- Ground Handling Agents– Government run or privately contracted services who manage ground handling at airports and seaports. Ground agents are usually sub contracted and coordinated by forwarders or the airlines, however occasionally humanitarian agencies may need to liaise directly with them to solve problems.
Planning and Scheduling Movement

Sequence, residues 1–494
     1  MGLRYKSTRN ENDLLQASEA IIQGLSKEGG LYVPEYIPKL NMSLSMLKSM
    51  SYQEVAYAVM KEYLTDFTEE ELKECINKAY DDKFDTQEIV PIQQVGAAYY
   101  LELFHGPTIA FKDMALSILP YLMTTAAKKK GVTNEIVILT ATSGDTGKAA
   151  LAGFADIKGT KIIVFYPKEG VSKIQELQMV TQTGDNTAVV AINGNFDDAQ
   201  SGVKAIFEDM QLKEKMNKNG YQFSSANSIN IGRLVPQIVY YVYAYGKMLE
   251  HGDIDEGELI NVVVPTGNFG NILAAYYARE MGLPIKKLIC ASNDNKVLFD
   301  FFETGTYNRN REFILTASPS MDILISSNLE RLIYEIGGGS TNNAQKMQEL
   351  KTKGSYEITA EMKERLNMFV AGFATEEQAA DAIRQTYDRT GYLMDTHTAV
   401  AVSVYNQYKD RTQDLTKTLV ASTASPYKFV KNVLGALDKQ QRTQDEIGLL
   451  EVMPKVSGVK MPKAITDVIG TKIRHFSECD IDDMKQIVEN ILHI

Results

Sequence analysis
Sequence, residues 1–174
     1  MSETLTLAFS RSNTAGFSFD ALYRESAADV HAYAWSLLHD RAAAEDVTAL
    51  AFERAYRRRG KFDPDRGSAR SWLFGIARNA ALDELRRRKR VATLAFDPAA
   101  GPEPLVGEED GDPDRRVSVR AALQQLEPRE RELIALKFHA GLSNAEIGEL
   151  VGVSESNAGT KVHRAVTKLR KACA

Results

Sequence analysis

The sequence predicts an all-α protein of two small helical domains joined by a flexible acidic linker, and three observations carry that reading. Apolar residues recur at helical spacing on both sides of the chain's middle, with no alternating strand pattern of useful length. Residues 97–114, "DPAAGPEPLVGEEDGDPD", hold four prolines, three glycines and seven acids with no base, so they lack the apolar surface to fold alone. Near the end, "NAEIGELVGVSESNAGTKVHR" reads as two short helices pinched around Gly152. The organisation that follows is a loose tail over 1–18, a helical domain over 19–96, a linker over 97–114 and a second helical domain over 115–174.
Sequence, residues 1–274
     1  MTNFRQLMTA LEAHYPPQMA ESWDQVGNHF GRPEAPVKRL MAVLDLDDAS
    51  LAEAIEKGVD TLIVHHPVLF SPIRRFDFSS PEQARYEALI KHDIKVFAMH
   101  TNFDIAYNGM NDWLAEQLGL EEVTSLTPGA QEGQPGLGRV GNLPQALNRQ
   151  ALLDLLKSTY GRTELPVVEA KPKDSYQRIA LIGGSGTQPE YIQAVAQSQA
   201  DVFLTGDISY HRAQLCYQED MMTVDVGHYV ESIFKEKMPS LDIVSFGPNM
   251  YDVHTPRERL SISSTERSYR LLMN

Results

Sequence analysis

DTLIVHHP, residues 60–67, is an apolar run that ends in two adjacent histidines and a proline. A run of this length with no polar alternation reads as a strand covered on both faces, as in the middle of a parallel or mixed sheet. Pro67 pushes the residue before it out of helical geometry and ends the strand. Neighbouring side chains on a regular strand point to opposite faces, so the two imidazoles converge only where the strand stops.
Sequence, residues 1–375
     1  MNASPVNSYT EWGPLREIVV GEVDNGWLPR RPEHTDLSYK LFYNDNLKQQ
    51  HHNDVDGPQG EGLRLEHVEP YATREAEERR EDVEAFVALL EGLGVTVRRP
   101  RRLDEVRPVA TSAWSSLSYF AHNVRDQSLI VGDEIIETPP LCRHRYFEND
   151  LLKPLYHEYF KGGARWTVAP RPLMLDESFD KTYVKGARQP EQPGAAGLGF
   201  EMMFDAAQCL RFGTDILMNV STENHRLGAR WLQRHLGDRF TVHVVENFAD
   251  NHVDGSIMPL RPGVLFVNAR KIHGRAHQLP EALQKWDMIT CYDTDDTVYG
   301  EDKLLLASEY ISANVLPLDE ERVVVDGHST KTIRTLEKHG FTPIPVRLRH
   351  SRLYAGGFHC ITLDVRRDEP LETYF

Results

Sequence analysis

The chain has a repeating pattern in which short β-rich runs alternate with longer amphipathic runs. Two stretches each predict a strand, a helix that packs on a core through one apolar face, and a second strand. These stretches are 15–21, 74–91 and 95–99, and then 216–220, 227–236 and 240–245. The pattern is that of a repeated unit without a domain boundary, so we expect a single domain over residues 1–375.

Routine movements, taking place on a regular basis, need to be planned at the outset. Non-routine movements occurring on an ad-hoc basis will have to be planned when the need arises. Ideally movements should be planned and managed by a transport office or dedicated focal point responsible for determining the appropriate routing for the goods, allocate resources (own or contracted) and inform the destination of estimated delivery time. During movement designated focal points will track the progress of the goods and update delivery times accordingly and will manage the staff involved in the movement and deal with any issues that arise. They will also handle any problems that occur during the movement, liaising with contractors, freight forwarders and shippers as required. The transport office may have to produce the required documentation to cover transit, alternatively they will be responsible for collecting the required documents together for dispatch.